Barak flies to China as Beijing is accused of helping Iran

Defense Minister to meet Chinese counterpart to discuss Iranian threat, peace process and defense ties.

By
June 12, 2011 02:16
1 minute read.
The Jerusalem Post

Ehud Barak. (photo credit: Ahikam Seri/Bloomberg)

 
X

Dear Reader,
As you can imagine, more people are reading The Jerusalem Post than ever before. Nevertheless, traditional business models are no longer sustainable and high-quality publications, like ours, are being forced to look for new ways to keep going. Unlike many other news organizations, we have not put up a paywall. We want to keep our journalism open and accessible and be able to keep providing you with news and analyses from the frontlines of Israel, the Middle East and the Jewish World.

As one of our loyal readers, we ask you to be our partner.

For $5 a month you will receive access to the following:

  • A user experience almost completely free of ads
  • Access to our Premium Section
  • Content from the award-winning Jerusalem Report and our monthly magazine to learn Hebrew - Ivrit
  • A brand new ePaper featuring the daily newspaper as it appears in print in Israel

Help us grow and continue telling Israel’s story to the world.

Thank you,

Ronit Hasin-Hochman, CEO, Jerusalem Post Group
Yaakov Katz, Editor-in-Chief

UPGRADE YOUR JPOST EXPERIENCE FOR 5$ PER MONTH Show me later Don't show it again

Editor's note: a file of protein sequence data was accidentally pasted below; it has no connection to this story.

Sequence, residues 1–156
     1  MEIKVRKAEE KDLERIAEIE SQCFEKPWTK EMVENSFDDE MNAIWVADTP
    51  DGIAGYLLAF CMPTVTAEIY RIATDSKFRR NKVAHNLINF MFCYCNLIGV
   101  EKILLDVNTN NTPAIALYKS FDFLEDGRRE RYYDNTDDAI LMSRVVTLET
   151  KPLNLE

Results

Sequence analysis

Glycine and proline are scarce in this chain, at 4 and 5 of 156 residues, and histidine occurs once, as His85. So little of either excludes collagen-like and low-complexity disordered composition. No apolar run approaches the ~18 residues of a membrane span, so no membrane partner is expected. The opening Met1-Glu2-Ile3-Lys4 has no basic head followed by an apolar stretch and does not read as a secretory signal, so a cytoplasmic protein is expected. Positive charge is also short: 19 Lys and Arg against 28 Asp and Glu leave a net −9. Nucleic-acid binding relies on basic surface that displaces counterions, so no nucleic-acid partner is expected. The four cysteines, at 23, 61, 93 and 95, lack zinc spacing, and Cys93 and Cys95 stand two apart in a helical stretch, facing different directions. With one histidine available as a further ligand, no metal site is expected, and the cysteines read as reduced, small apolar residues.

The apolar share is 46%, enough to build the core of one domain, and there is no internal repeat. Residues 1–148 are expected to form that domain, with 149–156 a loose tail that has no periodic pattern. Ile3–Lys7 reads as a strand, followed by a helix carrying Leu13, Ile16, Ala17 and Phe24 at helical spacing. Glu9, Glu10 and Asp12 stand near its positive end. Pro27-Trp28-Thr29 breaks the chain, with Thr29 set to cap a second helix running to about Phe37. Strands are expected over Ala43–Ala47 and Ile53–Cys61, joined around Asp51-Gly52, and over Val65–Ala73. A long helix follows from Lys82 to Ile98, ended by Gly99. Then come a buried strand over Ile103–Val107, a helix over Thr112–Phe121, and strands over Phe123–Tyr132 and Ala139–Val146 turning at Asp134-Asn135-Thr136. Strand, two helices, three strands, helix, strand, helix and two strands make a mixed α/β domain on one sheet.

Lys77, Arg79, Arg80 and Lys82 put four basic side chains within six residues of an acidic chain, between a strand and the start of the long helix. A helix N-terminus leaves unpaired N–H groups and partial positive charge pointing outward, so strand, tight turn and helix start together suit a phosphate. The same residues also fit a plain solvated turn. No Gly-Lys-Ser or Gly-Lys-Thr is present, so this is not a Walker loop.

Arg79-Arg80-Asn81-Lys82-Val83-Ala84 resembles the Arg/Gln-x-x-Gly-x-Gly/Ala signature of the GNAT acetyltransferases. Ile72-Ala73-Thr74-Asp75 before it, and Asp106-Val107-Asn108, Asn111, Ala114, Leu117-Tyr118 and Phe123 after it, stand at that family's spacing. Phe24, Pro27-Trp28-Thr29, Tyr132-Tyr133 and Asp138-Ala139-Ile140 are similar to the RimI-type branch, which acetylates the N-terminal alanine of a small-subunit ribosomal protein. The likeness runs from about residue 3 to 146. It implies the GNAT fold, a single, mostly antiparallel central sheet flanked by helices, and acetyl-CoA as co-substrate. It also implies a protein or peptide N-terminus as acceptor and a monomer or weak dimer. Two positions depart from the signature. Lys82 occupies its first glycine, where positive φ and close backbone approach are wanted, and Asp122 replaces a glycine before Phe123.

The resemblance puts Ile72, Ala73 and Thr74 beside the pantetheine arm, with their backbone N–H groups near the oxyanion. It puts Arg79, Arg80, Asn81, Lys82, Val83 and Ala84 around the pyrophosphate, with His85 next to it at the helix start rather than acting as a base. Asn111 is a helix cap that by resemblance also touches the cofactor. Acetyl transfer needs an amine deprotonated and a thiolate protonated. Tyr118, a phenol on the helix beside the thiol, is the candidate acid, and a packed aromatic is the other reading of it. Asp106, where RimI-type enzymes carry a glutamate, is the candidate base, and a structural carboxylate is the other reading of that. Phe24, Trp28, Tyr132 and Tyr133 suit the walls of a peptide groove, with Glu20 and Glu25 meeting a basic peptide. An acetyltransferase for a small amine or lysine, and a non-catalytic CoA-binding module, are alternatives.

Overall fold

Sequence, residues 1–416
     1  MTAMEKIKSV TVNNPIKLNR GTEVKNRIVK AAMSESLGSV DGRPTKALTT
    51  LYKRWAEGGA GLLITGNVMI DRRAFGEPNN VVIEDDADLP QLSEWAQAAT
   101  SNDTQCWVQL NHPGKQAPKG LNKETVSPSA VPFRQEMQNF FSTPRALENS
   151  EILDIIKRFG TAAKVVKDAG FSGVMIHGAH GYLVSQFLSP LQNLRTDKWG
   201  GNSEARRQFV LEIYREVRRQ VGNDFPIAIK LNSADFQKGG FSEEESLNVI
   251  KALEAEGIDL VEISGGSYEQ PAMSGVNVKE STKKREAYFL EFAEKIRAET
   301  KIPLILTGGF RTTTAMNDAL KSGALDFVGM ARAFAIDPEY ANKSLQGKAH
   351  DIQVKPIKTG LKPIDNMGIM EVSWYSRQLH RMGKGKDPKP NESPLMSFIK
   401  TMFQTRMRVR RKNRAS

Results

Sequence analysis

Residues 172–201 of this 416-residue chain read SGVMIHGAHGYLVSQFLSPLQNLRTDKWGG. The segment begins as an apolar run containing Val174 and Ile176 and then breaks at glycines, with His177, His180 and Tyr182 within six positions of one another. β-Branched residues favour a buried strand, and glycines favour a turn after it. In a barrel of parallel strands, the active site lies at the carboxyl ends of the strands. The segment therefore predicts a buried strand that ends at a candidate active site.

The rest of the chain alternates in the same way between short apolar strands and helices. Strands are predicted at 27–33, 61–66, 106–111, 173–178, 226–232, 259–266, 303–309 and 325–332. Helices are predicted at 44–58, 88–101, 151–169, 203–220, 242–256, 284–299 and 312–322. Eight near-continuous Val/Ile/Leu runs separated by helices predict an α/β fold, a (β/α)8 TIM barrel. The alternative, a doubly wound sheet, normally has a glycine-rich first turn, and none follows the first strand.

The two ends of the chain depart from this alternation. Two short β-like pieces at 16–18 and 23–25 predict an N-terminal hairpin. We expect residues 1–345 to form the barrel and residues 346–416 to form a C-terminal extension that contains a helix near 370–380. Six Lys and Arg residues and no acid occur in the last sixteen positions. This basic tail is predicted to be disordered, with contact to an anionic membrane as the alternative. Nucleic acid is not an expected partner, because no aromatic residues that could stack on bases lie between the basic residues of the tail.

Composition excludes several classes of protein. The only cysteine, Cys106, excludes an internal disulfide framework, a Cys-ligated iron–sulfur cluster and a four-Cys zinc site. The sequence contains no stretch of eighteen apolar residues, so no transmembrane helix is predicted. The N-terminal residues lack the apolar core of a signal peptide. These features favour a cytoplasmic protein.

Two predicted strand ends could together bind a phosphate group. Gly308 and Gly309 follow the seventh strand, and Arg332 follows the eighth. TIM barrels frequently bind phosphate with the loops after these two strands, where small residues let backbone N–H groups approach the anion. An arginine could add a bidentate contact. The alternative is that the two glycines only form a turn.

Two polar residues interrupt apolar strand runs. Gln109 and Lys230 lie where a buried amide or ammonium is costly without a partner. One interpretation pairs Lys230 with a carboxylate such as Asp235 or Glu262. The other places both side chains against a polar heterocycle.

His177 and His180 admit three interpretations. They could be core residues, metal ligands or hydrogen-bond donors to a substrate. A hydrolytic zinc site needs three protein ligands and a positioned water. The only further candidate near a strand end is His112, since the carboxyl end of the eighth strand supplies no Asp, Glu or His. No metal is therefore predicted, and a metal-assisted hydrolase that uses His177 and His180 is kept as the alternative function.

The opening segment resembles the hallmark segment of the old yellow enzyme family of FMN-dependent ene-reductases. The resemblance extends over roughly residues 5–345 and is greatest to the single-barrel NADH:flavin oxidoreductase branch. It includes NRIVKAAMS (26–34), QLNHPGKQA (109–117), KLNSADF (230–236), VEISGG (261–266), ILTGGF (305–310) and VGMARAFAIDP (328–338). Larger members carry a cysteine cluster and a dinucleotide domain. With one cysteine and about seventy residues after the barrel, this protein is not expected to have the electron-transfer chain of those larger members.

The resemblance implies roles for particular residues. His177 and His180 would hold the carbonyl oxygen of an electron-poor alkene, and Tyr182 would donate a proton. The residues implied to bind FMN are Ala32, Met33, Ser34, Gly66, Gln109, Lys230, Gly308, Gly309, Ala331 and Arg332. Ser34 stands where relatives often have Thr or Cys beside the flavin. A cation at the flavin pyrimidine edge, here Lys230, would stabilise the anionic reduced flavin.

In a sign of growing ties between Jerusalem and Beijing, Defense Minister Ehud Barak left for China on Saturday night, in the first such visit by an Israeli defense minister in a decade.

Israel significantly downgraded its defense ties with China in recent years due to American pressure, and Israeli companies are forbidden from selling weaponry to the Chinese military.

Be the first to know - Join our Facebook page.


RELATED:
China says it won't threaten anyone with modern military
Editorial: More vigilance on Iran

In 2000, Barak – then prime minister – caved in to US pressure and suspended the sale of four $250 million Phalcon advanced early-warning aircraft to China due to concerns that they had American technology installed.

In 2005, Israeli-US defense ties hit a low-point after Israel agreed to upgrade Israel Aerospace Industries drones that were sold to Beijing in the 1990s. As a result, the US downgraded Israel’s participation in the F-35 Joint Strike Fighter program.

Barak will meet Chinese National Defense Minister Liang Guanglie and other senior officials to discuss “regional issues, the Iranian threat, advancement of the peace process and terrorism,” a statement from his office said.

Despite the ban on arms sales, Israeli-Chinese defense ties have picked up in the past 18 months.



Two weeks ago, Adm. Wu Shengli of the People’s Liberation Army Navy visited Israel and met with Barak and commander of the Israeli Navy V.- Adm. Eliezer Marom. And last June, OC Home Front Command Maj.-Gen. Yair Golan headed an Israeli military delegation to China.

Last year, Maj.-Gen. Amos Yadlin – then-head of Military Intelligence – also flew to Beijing and presented classified intelligence on Iran’s nuclear and ballistic missile program.

A recent United Nations report accused China of supplying Iran with missile technology and components from North Korea.

Related Content

Tamir Naaman-Pery, an 18-year-old cellist from the Kamon moshav, in Young Musicians Eurovision 2018
August 19, 2018
Israel takes a shot at another Eurovision title

By AMY SPIRO